The town of Derby is located on the tidal mud flats on the edge of the King Sound. It has the highest tidal range of any port in Australia. The boab tree is a major feature of Derby. It has been used as a street tree and many of the larger growing natural specimens have been preserved. The famous Boab Prison Tree is located 7 kilometres from the town.

The town has a population of some 4,500 people. Half of the population are Aboriginal Australians and with three different Aboriginal languages. A high proportion of the population are employed in State and Commonwealth Departments or Instrumentality’s such as the Main Roads WA, Health Services, & Water Authority, and in providing services to outlying Aboriginal Communities. The remainder are small business people employed in servicing the mining, pastoral and tourism industries.

Derby has two main seasons – the dry and the wet. The ‘dry’ is where the sun shines everyday and there is no humidity. The ‘wet’ offers magnificent thunderstorms and high humidity. Average temperature range: January (max 33°C – min 26°C) and July (max 29°C – min 14°C).

As a service town Derby offers all the amenities. It has recreation facilities including a swimming pool, library, art gallery, ovals and courts for football, cricket, tennis, squash, netball, basketball, rodeo and horse riding. A good selection of shopping is available with two chain stores, clothing and furniture shops, news-agency, chemist and hotels and restaurants/cafes. There are two primary schools, a high school, tele-centre and pre school facilities. Health services are provided by the hospital and there are extended care facilities for the aged and infirm.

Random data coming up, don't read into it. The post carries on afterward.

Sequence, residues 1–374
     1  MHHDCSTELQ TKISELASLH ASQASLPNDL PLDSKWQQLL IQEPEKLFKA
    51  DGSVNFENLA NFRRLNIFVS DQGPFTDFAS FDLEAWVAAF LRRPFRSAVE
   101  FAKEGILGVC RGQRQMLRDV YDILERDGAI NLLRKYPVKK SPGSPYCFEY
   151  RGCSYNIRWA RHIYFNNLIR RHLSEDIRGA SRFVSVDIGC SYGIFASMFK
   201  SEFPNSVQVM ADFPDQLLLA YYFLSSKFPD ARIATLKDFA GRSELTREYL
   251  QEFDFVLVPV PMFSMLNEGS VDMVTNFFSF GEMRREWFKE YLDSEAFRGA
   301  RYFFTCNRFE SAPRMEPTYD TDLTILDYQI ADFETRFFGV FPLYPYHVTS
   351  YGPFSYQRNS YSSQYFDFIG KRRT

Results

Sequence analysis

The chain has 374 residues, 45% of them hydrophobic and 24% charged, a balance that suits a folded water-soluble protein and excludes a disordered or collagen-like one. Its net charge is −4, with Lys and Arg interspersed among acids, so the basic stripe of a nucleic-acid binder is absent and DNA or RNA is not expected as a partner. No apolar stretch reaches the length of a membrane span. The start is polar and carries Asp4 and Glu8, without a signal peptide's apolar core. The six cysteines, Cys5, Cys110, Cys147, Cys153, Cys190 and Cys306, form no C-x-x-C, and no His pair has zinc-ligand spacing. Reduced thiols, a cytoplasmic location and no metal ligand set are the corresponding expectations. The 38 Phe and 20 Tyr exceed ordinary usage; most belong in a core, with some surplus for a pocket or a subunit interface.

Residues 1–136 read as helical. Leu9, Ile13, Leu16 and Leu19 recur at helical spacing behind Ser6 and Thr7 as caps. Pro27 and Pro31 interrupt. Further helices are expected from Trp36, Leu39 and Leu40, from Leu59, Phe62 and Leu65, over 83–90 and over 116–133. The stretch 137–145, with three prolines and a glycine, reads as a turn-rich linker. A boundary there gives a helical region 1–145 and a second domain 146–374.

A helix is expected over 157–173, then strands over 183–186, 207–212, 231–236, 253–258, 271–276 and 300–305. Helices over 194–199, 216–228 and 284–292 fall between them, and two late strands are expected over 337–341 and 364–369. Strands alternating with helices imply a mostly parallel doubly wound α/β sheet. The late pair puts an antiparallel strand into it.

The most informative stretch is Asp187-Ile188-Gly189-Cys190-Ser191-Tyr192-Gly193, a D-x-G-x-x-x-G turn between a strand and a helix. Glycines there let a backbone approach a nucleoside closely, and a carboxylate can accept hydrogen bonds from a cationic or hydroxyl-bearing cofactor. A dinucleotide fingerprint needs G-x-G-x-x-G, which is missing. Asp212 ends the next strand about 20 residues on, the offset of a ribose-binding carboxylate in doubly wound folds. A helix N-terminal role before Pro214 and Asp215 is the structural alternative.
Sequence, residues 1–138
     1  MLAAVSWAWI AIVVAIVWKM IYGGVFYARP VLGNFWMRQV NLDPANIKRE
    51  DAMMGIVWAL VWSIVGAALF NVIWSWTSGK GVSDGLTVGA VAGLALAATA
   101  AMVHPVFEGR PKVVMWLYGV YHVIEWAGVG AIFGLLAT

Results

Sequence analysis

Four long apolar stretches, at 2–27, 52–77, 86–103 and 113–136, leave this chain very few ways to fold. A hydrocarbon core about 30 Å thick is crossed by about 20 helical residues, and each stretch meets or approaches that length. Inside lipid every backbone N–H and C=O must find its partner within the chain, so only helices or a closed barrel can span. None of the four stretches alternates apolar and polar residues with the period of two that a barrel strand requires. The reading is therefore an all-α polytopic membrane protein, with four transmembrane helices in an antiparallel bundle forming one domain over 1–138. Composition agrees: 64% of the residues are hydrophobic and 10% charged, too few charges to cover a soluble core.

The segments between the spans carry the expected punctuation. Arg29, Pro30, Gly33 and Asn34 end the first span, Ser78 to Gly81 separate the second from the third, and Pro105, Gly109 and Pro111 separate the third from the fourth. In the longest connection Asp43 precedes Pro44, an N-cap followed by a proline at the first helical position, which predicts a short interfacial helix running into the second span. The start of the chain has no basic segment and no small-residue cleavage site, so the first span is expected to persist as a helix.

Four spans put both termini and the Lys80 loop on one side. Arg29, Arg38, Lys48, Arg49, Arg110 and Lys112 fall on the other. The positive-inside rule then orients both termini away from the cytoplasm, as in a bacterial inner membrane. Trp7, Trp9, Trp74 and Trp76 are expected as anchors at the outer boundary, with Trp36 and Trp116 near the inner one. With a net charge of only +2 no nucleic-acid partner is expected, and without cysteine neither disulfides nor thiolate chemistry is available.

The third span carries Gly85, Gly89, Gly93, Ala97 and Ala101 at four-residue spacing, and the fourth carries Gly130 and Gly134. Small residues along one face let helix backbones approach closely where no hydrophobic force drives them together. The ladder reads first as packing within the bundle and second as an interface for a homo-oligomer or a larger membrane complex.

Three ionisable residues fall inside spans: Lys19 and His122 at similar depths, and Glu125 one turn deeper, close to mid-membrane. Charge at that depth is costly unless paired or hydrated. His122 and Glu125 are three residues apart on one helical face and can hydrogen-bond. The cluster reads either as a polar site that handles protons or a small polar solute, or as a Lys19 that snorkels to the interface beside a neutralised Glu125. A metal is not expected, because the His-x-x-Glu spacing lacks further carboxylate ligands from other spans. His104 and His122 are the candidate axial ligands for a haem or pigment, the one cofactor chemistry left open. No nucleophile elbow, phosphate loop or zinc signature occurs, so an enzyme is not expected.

The Derby Leprosarium on the outskirts of the town was one of two in Western Australia that helped to contain an epidemic of the disease from the 1930’s to the 1960’s. A display at Wharfinger’s House Museum shows some of the artwork completed by the patients from the Leprosarium. Although Hansen’s disease still occurs throughout the Kimberley. It is now controlled by drugs. The Leprosarium closed in 1989 and is now used by the Aboriginal people as a training resource.

Derby is the main base for the Royal Flying Doctor Service in the Kimberley. The base was established in Derby in 1955 and is open at selected times for visits. Communications have always been important for such an isolated town. Derby was famous in the 1920’s as the terminus of the first scheduled aviation service in Australia. West Australian Airways Ltd. run by Norman Brearley, began this service with a first flight on December 5th, 1921. At one time the Perth to Derby service was the world’s longest passenger airline route. Wharfinger’s House museum tells the story of the aviation history of the town as well as the history of the Port.

Health Services in Derby include:

  • Derby Hospital;
  • Community Health Clinic Services;
  • Allied Health (located at Derby Hospital);
  • Mental Health Services.

The above are just some of the aspects of Derby that have influenced how Derby is today. It is a fascinating place for those who take the time to enjoy its friendly atmosphere, tranquil pace and unique lifestyle.

For more information on Derby, check out these sites;

Boab Health Services wishes to thank the Derby Tourist Bureau for supplying the above information.